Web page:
here you will do well to linger; here our highest good is pleasure”

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October 14, 2020

Wander beyond the dewy lawn and swaying apple trees at Shandy Hall and you’ll stumble across the Wild Garden.

Its entrance is guarded by the skeletal figure of an ancient sweet chestnut tree, long deceased having been struck by lightning over a hundred years ago and now swathed with creeping vines.

Pass through the old gate and descend down the lichen covered stone steps and you may explore the Wild Garden’s winding pathways and abundant meadows – it is a secret, tranquil place and a welcome spot to sit for unhurried contemplation.
121590029_985220825295911_7855185623629151023_n.jpg During its history this sunken space has been a stone quarry and then a long disused Victorian rubbish dump, which yielded many curious treasures when it was cleared and the Wild Garden was established.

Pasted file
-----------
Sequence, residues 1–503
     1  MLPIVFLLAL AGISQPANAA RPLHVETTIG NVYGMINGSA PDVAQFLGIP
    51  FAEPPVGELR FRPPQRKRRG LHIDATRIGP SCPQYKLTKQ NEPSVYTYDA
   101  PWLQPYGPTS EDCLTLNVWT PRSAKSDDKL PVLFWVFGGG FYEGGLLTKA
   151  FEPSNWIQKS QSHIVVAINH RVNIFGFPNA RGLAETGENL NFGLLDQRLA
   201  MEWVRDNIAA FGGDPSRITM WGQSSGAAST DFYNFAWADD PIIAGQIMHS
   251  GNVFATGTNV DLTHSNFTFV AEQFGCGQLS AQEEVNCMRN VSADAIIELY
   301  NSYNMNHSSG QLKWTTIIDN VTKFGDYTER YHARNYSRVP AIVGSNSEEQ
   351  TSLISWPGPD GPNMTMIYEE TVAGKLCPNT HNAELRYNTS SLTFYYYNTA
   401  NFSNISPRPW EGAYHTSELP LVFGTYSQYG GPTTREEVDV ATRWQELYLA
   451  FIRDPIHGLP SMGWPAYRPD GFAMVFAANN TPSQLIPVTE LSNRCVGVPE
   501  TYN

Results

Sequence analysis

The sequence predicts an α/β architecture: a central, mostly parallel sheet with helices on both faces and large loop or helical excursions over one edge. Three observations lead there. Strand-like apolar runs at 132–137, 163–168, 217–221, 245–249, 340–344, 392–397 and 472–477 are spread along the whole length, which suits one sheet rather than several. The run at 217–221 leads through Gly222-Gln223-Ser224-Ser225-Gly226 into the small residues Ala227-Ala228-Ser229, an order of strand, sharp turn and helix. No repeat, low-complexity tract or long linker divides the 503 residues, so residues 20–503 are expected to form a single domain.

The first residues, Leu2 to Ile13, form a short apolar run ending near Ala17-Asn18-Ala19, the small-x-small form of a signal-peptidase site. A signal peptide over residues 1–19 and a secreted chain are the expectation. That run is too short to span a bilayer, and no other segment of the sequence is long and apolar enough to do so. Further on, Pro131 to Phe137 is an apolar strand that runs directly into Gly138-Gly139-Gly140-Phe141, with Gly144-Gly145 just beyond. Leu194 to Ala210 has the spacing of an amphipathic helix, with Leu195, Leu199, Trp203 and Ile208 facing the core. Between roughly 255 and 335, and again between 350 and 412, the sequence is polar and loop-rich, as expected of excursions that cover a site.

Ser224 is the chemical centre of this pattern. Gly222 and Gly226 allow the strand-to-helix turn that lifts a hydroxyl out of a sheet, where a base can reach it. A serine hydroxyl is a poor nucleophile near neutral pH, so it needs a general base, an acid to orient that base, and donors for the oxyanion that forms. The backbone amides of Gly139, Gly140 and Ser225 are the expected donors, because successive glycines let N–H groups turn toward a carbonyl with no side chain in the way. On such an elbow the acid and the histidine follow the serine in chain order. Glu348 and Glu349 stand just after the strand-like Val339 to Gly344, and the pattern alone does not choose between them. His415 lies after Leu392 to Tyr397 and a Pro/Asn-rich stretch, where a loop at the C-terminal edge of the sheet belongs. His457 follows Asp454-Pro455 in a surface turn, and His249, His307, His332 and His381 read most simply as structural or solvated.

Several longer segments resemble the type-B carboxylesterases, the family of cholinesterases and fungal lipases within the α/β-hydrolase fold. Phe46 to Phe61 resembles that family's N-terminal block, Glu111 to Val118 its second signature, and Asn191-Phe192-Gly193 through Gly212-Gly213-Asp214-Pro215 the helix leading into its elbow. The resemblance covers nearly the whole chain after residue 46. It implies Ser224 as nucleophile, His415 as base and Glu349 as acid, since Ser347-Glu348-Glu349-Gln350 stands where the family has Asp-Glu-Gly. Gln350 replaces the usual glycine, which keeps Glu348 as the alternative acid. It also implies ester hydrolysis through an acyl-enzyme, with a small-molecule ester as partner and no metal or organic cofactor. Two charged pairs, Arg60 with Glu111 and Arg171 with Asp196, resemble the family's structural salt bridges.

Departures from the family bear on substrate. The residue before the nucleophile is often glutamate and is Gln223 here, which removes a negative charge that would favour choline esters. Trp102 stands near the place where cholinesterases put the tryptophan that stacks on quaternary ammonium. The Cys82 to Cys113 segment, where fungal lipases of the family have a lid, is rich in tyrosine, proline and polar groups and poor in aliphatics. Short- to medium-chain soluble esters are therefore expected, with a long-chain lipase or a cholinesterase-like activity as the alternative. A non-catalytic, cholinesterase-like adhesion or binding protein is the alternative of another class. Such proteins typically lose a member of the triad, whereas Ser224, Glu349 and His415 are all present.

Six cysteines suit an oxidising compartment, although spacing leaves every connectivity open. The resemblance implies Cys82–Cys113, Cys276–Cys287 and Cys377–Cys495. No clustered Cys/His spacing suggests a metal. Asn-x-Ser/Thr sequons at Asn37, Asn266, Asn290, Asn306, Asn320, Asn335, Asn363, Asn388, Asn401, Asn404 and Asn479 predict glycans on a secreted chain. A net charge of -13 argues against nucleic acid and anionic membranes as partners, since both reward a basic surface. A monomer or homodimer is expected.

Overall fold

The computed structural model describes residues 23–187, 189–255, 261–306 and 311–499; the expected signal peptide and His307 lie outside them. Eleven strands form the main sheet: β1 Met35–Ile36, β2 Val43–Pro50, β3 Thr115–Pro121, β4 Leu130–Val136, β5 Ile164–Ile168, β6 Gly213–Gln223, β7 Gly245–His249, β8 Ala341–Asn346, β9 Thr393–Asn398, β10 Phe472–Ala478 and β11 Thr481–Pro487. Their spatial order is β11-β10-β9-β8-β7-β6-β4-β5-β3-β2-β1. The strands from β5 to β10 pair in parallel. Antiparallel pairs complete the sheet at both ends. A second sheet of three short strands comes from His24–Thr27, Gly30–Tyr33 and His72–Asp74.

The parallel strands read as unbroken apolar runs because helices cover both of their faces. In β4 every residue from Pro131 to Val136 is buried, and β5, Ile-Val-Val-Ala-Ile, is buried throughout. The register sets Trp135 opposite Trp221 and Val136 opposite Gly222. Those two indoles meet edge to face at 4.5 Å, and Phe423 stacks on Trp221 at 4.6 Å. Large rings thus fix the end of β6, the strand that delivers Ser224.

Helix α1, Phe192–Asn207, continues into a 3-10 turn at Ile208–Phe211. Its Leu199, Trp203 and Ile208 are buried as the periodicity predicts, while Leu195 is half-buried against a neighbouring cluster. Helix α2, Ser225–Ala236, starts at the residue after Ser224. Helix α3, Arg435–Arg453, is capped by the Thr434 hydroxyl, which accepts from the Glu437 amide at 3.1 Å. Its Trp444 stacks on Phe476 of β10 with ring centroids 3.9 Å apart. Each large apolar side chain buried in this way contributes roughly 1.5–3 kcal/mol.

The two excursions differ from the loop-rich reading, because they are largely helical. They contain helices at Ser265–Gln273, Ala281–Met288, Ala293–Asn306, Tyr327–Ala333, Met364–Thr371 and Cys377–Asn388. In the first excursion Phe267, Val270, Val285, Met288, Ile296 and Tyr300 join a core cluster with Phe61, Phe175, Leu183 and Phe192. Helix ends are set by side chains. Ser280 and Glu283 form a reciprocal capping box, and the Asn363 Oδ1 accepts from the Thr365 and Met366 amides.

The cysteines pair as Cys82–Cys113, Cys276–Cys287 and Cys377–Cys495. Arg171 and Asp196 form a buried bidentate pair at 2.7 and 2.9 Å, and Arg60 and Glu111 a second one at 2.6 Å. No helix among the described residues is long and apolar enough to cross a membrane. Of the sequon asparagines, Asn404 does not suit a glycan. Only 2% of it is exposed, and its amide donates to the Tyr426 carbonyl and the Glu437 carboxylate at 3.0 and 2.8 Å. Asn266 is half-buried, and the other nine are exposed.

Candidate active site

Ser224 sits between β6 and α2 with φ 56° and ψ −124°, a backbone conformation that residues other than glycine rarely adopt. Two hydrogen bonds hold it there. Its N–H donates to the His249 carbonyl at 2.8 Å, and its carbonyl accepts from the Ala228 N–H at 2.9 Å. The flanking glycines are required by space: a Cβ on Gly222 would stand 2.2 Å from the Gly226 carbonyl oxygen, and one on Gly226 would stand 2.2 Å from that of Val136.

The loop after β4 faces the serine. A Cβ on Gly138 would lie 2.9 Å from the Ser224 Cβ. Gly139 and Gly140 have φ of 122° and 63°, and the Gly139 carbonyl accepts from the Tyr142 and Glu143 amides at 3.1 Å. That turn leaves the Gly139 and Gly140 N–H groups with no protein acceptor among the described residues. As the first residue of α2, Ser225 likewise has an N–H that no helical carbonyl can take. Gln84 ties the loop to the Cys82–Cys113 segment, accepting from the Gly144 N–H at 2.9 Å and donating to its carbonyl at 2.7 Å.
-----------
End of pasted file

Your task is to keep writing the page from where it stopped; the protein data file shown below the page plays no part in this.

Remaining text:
Shandy Hall was once the Yorkshire home of 18th century writer Laurence Sterne, who was a keen gardener himself and wrote to a friend ‘if you honour me with a letter it will find me either pruning or digging or trenching or weeding or hacking up old roots or wheeling away rubbish.’

And it is Sterne’s books and this idyllic English country garden – where time seems to stand still – which influenced the Broken Clock story and if one lingers here he can truly experience this timeless connection.

Indeed it is thought the gnarled sweet chestnut at the Wild Garden’s entrance was standing during Sterne’s lifetime – and gazing across at it as we gather the windfall apples for our recipe from under the orchard trees, we can almost picture him busily tending to the flowerbeds below its branches.